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Murmillo: Wikis


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A murmillo in the 1872 painting Pollice Verso by Jean-Léon Gérôme.

The murmillo was a type of gladiator during the Roman Imperial age. The myrmillio-class gladiator was adopted in the early Imperial period to replace the earlier Gallus, named after the warriors of Gaul. As the Gauls inhabiting Italy had become well-integrated with the Romans by the time of the reign of Augustus, it became politically incorrect to portray them as enemy outsiders; the Gallus-class gladiator thus had to be retired.[1]

The distinguishing feature of the murmillo was the high crest of his helmet which, together with its broad rim, was shaped somewhat like a fish. The murmillo took his name from this fish-shaped helmet; the word comes from the Greek word for a type of saltwater fish.[2]

Reenactment: thraex vs murmillo.

Otherwise, he wore a loincloth (subligaculum), belt (balteus), very thick wrappings on the lower part of his left leg (designed to protect the top of his feet from attack and from his own shield), a gaiter on his right leg, a linen arm guard (manica) to protect his right arm, and the curved rectangular shield (scutum) of the Roman legionary. He also carried the legionary's short, straight-blade sword, or gladius, from which gladiators derived their name.[2]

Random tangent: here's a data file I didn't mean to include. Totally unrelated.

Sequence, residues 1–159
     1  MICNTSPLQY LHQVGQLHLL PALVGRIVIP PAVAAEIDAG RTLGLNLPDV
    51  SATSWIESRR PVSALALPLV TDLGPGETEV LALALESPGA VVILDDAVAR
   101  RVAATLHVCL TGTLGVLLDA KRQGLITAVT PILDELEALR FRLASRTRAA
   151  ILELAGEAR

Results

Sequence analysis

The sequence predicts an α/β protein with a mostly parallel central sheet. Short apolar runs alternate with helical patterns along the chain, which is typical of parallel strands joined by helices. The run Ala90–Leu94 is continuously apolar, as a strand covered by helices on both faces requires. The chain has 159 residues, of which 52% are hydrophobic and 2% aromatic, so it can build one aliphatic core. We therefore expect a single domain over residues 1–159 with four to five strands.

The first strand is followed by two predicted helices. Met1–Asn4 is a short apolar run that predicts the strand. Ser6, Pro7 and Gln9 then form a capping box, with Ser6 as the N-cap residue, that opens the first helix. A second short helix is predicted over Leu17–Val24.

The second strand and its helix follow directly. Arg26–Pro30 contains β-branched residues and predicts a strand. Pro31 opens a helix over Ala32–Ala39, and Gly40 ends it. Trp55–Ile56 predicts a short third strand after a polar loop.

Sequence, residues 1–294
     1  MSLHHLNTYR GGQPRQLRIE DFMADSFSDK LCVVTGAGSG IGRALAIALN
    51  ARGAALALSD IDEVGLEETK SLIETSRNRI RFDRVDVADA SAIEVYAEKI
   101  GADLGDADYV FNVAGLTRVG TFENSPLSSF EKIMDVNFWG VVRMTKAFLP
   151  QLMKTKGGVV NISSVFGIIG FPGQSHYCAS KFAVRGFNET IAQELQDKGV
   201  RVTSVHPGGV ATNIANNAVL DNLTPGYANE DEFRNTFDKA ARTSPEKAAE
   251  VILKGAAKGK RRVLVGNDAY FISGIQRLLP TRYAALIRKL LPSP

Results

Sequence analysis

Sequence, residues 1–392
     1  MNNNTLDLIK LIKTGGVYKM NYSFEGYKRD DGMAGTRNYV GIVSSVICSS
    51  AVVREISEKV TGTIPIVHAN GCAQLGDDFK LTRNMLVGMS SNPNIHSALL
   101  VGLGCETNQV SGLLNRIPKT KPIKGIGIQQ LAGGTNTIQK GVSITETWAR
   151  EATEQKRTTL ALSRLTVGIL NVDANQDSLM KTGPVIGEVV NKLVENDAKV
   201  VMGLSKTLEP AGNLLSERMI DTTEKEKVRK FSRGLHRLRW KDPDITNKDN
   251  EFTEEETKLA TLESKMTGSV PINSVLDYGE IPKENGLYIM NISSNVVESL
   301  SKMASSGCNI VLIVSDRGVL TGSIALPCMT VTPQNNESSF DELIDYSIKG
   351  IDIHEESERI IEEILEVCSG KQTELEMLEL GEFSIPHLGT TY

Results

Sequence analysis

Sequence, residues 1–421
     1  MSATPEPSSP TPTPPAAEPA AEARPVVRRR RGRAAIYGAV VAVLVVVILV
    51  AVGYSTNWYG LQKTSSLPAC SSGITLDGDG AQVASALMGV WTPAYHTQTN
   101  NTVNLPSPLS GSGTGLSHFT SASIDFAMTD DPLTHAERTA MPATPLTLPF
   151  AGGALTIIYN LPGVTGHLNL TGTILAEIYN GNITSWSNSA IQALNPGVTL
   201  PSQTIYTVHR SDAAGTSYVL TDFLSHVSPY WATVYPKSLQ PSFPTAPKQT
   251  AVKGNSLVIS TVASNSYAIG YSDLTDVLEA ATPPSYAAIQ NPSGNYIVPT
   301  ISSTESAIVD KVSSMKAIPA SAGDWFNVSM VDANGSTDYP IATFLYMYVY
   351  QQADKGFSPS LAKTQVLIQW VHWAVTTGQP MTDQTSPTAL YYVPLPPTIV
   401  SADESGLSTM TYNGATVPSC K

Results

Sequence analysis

3rd century Roman mosaic showing two murmillones.

The murmillo usually fought the thraex or hoplomachus, with whom he shared some of the equipment (notably arm guards and all-enclosing helmet, and the dangerous short sword). A number of ancient authors, including Valerius Maximus and Quintillian, assert that he also regularly fought the retiarius. It would certainly have been an unusual pairing, contrasting a slow but heavily armoured gladiator with a fast but lightly equipped one. However, this pairing is disputed; visual depictions of murmillones show them fighting the thraex or hoplomachus rather than the retiarius.[2]

Examples of the pairing between murmillones and other gladiator types can be seen in frescos and graffiti in Pompeii. In one well-preserved example, a murmillo named Marcus Atillus, who is credited with one match and one victory, is depicted standing over the defeated figure of Lucius Raecius Felix, a gladiator with 12 matches and 12 victories. His opponent is shown kneeling, disarmed and unhelmeted. The graffito records that Felix survived the fight and was granted his freedom (manumission).[2]


  1. ^ Wiedemann, Thomas E. J. Emperors and Gladiators, p. 41. Routledge, 1992. ISBN 041500005X
  2. ^ a b c d Futrell, Alison. The Roman Games: A Sourcebook, p. 96-100. Blackwell Publishing, 2006. ISBN 1405115688

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